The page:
Categories
Crossposts

Time is A-“Waisting”

I just returned from Michigan due to a sudden death in my family. Honestly, there is nothing like an event like this to put things in perspective. Our bodies are so much more than circumference and pounds. They are literally vessels for our spirit and allow us to hold, hug, support and love each other in THIS realm. I don’t typically blog about my spiritual beliefs and I won’t start now. But one thing I know for certain, face-to-face, eye-to-eye, hug-to-hug contact disappears when someone dies.

Our bodies are miraculous. They give us the capacity to touch…and only for such a relatively short time. My brother-in-law was only 65. And for the few troll-y folks out there who read my blog and constantly question my assertion that fat does not always equal unhealthy, no, he was not fat, so you will have to get your data elsewhere.

He was someone whose body provided warmth and comfort to his wife and tickles to his grandchildren. His hands were magical and his woodworking projects will be around for years to come. His arms hugged his family with a strength that was invincible and nurtured them without hesitation.

What does your body do? What does your body allow you to provide for the loved ones in your life? There is NOT enough time for us to waste it away hating ourselves for what our bodies look like. Really…think about it.

By Dr. Deah Schwartz

Dr. Deah Schwartz, clinician, educator, and author specializes in Expressive Arts Therapies, Eating Disorders and Body Image. Deah is the Co Author of the NAAFA award winning Off-Broadway Play, Leftovers, and its companion DVD/Workbook Set. An outspoken “New Yawker,” Deah believes that it is everyone’s responsibility to point out and eliminate size discrimination even when it means battling the mainstream media, and even worse, family members! To find out more about Dr. Deah’s work or to book a session visit her website at www.drdeah.com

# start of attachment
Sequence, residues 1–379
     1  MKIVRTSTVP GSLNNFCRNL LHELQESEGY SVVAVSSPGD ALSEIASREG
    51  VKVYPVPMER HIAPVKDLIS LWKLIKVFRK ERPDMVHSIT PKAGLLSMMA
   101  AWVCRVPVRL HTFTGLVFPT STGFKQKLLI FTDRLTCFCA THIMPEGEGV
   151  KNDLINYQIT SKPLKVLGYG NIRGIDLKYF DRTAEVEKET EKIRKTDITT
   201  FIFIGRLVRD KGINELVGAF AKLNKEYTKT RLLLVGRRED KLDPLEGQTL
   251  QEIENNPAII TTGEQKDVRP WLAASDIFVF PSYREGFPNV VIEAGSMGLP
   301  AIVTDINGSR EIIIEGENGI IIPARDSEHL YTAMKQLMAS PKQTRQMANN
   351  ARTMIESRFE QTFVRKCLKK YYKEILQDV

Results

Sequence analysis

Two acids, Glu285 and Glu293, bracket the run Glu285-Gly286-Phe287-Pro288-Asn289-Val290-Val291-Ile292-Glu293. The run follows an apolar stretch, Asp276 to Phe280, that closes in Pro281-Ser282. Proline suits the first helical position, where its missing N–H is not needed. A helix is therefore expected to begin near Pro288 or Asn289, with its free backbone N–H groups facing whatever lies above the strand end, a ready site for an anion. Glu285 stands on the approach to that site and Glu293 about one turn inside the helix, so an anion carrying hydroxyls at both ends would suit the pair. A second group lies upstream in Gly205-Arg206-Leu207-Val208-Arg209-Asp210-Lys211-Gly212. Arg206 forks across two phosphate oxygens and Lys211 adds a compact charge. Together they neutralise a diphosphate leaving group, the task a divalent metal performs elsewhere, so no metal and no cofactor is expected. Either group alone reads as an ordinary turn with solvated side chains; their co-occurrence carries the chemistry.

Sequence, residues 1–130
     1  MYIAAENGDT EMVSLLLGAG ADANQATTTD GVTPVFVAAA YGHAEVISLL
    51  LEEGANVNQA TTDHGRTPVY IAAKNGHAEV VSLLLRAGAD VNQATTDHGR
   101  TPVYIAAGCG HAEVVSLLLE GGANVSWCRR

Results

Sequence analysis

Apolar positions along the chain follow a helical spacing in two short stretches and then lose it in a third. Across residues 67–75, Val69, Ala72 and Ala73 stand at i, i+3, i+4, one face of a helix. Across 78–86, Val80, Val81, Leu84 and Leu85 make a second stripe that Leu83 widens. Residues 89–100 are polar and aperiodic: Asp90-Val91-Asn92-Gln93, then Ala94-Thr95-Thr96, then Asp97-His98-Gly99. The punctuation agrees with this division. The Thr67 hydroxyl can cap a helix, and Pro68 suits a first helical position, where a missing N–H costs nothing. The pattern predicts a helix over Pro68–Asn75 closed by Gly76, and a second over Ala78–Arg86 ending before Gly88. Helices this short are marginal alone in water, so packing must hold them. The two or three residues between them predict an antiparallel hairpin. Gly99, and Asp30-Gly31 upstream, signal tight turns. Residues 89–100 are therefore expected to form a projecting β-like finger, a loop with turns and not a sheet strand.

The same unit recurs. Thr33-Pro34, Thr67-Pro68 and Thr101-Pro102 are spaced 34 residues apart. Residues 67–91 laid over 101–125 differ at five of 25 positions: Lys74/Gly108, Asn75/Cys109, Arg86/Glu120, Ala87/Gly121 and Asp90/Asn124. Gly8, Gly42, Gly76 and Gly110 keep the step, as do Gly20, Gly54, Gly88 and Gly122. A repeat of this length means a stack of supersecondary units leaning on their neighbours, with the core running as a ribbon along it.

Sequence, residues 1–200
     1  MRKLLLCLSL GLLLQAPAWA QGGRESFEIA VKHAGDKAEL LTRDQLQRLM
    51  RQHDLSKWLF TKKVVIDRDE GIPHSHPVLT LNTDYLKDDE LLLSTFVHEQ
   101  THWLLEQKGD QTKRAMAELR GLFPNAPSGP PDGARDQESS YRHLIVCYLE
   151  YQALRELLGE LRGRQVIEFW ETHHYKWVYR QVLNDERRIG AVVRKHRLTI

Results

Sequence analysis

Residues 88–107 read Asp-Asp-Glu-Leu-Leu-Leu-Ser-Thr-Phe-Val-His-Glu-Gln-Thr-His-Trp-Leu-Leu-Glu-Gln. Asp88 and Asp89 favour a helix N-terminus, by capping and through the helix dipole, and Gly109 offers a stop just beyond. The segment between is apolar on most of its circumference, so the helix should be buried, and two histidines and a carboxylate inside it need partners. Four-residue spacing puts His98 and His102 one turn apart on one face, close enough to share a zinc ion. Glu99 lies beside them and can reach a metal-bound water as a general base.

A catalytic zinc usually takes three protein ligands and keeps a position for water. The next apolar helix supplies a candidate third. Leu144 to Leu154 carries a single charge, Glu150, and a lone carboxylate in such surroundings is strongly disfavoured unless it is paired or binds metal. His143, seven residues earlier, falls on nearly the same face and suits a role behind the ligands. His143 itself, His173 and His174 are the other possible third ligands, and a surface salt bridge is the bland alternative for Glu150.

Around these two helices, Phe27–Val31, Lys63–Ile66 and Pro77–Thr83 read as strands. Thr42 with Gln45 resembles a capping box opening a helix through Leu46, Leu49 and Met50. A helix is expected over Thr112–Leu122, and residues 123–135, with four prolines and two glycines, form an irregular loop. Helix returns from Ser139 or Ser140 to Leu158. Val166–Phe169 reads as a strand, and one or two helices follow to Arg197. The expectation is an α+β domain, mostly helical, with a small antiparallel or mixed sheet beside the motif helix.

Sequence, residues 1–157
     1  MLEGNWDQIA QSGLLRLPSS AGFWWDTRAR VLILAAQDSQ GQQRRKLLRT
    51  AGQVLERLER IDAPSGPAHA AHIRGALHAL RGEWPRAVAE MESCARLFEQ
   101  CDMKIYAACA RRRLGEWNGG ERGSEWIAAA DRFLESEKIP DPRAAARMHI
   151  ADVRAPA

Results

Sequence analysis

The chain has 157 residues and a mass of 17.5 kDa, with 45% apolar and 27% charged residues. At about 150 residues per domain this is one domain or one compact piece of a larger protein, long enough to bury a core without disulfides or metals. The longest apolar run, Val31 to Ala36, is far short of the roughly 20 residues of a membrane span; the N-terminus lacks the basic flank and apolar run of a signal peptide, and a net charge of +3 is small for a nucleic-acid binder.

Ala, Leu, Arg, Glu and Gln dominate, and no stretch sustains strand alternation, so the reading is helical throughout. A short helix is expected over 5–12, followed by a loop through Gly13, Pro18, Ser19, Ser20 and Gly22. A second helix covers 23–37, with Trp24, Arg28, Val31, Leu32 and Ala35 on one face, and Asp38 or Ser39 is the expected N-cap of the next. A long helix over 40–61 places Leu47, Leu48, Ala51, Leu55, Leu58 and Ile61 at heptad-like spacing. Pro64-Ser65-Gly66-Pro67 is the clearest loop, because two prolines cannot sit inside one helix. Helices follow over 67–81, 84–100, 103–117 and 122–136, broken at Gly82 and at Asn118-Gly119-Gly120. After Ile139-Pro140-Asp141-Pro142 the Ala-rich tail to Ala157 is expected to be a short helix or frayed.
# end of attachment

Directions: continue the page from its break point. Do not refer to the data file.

14 replies on “Time is A-“Waisting””

OH Cesy, I so understand what you mean!  I wrote a blog post last year about a close friend of mine who went to visit her mom in the hospital after she had a stroke.  She went cross country, interrupted her life to be with her mom and the first thing her mom mentioned was that she needed to lose some weight.  Something is VERY VERY wrong with the priorities in this world, and there is a great deal of work to be done! Thanks for writing!

Warmly,

Dr. Deah

This post made me tear up. I lost a loved one about a month ago, and it’s been very hard. And you’re right, the physical ability to touch someone, body to body, is a hard thing to lose, and one I miss very much.

I am also, semi-coincidentally, rereading the Harry Potter series, so I kind of want to talk about JK Rowling’s quote up there, but I’ll save it for another time.

Thanks Bryn,  and CherriSpryte, I’m sorry for the delay in responding, I wasn’t receiving comment notifications and I just figured out this system.  (It’s different from other places where I post my writings).  I would love to hear your thoughts about JK Rowling’s quote!

Warmly,

Dr. Deah

Well, essentially, that quote was said in response to the criticism that, in her books, there are far more “evil” characters described as fat/stout/immense than there are “good” characters. There are SOME, but – anyway, I really ought to turn this into a post, but basically, if we’re looking for heroes of Fat Acceptance (and when aren’t we?!) JK Rowling isn’t quite on my list.

I agree with you about that especially the way she depicts Harry’s aunt, uncle, and cousin.  I had a very difficult time with that when I was reading the books to my son! It’s funny how I didn’t put the two together when I read the quote…I was just so happy to read such a “truism.”  I wonder how she makes peace with the incongruity?

Warmly,

Dr. Deah

My parents drove 3 hours to support me at my brother-in-laws funeral. Chocolate Monster was on 17, so while death is never easy, that was a hard one. The first thing my Dad said to me “Oh you’re looking good”. Code= you’ve lost some weight. That wasn’t really what I’d wanted to hear at a funeral, thanks Dad.

Leave a Reply